25 years, 40,000 births: Mercy Health-Fairfield center passes milestone

Credit: Nick Graham

Credit: Nick Graham

The people born at Mercy Health-Fairfield Hospital’s Family Birthing Center in the past quarter century could fill the University of Cincinnati’s Nippert Stadium.

Michele Stokes started working at the birthing center as a young registered nurse with a few years’ experience a few weeks before it opened 25 years ago this month. When she thought about the fact 40,000 infants have been born there since, she said, “Isn’t that crazy?”

Stokes now is the hospital’s director of perioperative and women’s services.

The center delivered its first baby on July 16, 1996, to a mother who went into labor in the parking lot while waiting for the facility to open. Despite a search, the hospital was unable to find the names of that first family.

Stokes and at least six others who worked there at the beginning still do, she said. Before that, she had worked in intensive care for new infants and also labor and delivery.

“When I started there, I had only been a nurse for six years,” Stokes said. “I lived in Fairfield at the time, and so when I found out Mercy Fairfield was opening an OB (obstetrics) unit, I was like, ‘I’ve got to go do this. I’ve got to be a part of this. It’s my community. It’s literally almost in my backyard. How could I not want to work there?’”

Stokes and her parents had received care at the hospital previously, and she had a good impression. She and others were hired about a month before the birthing center opened, ‘just getting to know each other,’ taking group classes, meeting all the doctors they would work with, deciding where all the medical supplies should be stored, and bonding as a team.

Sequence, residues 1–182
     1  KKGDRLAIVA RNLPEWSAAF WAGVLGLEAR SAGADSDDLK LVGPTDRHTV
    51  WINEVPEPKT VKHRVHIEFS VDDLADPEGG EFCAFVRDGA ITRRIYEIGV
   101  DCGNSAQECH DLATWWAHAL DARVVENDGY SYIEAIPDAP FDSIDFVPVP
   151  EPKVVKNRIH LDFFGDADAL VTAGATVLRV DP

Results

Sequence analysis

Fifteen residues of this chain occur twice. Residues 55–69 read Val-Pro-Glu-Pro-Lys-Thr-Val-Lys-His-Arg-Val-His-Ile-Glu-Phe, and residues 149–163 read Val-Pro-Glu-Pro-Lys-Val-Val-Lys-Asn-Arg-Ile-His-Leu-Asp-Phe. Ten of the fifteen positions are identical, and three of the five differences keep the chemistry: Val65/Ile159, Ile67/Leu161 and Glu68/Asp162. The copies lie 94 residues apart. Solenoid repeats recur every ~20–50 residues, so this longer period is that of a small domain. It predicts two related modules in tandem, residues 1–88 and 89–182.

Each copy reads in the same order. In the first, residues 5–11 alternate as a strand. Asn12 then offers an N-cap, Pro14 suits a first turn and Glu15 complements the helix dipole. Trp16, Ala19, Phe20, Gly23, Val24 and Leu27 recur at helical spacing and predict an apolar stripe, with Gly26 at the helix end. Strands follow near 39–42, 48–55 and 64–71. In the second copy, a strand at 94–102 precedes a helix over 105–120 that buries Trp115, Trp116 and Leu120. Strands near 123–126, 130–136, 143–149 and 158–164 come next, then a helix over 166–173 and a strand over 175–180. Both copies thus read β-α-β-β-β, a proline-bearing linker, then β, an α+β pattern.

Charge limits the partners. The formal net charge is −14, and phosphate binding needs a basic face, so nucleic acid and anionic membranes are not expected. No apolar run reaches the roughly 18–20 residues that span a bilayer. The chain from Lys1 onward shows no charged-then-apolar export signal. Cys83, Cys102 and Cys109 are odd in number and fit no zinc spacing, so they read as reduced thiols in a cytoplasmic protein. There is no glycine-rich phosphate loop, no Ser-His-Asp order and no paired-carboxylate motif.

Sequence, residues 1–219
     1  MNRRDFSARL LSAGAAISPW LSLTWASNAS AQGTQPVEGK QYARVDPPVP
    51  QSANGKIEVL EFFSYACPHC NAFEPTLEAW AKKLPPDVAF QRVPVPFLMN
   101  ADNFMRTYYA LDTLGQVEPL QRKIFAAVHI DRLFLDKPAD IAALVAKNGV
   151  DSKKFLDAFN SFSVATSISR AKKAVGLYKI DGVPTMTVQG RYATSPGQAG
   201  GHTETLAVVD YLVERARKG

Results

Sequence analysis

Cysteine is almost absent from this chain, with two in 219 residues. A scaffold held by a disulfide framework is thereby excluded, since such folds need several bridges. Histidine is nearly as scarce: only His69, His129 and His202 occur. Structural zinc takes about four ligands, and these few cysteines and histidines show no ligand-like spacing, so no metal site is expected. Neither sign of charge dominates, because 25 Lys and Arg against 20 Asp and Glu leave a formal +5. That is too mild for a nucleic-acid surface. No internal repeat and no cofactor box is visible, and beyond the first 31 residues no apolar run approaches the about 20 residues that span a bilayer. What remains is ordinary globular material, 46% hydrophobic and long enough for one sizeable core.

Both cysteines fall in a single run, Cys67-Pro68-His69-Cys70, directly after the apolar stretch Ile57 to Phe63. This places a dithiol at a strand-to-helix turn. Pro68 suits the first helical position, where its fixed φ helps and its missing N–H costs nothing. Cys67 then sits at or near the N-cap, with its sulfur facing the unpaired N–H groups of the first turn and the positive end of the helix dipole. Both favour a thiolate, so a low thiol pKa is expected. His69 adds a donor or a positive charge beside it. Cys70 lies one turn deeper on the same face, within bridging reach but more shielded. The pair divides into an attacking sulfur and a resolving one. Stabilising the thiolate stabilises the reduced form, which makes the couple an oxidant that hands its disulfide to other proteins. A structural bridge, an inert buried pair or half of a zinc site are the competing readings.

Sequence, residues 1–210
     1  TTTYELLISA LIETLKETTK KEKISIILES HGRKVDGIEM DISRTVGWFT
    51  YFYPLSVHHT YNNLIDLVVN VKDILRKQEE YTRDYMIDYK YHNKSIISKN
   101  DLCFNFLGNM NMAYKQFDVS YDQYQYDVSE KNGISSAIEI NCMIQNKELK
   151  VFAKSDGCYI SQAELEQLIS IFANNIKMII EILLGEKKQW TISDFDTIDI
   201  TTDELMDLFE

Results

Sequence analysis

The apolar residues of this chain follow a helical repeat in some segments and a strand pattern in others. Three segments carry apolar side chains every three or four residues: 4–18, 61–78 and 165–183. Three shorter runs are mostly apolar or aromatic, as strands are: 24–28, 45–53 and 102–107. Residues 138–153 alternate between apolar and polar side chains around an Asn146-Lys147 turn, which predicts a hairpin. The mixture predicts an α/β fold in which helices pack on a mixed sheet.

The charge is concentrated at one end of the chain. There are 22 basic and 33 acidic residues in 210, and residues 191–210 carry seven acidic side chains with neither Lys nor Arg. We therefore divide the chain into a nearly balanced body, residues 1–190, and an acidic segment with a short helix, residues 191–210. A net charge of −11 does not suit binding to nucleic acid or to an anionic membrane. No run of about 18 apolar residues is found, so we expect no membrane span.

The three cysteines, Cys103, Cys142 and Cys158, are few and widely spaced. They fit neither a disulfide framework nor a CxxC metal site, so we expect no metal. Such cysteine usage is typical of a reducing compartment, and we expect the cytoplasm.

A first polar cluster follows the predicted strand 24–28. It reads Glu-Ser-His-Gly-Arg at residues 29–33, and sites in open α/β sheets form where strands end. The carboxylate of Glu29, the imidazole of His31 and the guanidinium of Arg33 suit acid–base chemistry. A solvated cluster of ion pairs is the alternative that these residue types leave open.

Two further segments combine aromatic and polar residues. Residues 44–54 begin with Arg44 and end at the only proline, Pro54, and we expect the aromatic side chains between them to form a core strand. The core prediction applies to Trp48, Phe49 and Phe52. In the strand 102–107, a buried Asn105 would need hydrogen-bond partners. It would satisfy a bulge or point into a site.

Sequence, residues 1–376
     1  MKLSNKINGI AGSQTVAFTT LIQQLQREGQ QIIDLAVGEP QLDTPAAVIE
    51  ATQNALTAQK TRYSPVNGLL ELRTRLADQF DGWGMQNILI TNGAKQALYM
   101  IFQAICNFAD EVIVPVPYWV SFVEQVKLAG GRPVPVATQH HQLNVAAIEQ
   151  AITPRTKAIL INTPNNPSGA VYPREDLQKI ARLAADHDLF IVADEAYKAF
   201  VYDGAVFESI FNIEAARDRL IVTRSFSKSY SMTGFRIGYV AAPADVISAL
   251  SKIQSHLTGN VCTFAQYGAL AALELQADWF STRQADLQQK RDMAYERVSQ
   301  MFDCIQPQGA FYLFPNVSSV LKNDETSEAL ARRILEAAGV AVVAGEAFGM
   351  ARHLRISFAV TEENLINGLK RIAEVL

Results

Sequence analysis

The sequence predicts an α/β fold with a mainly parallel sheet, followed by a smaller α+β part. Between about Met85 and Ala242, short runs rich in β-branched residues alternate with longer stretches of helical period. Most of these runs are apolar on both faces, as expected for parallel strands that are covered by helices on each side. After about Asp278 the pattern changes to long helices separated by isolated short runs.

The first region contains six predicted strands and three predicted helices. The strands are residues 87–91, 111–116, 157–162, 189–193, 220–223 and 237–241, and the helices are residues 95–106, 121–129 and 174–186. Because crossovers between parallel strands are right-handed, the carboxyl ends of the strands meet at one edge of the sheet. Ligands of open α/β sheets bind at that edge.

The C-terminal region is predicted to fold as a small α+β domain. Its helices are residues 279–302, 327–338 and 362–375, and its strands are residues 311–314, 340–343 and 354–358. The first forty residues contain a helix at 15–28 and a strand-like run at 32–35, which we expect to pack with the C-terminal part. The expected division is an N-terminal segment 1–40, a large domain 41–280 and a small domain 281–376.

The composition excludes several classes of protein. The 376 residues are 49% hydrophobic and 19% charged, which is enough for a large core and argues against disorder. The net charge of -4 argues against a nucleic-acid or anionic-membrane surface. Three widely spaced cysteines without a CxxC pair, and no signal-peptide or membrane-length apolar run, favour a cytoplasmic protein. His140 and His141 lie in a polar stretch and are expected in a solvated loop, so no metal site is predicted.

“Even to this day, it’s been a once-in-a-lifetime opportunity to do that,” she said.

When the center opened, it had three nurses and two technicians staffing 15 labor, delivery, recovery and postpartum (LDRP) rooms, a level-one nursery, one operating room, and one triage room on a typical day. That team has grown to 10 nurses and as many as four techs who staff 12 LDRPs, 21 post-partum beds, two operating rooms, four triage rooms and a level-two special care nursery with nine beds each day. Total staff is more than 90.

“We recognize that every mom’s experience is unique, and we take time to get to know her and her desires for delivery and post-partum,” Stokes said. “We include the family as mom desires.”

Another thing the hospital does, like others in the region, is champion safe-sleep initiatives to reduce infant deaths. The hospital educates mothers in several languages on the topic.

One option provided by Atrium Medical Center in Middletown is water births, where the mother is submerged as the infant is delivered. A Cincinnati woman who gave birth to one of Butler County’s earliest 2021 deliveries traveled to Middletown because that was the closest hospital she could find for that alternative. She called it “more relaxing.”

About the Author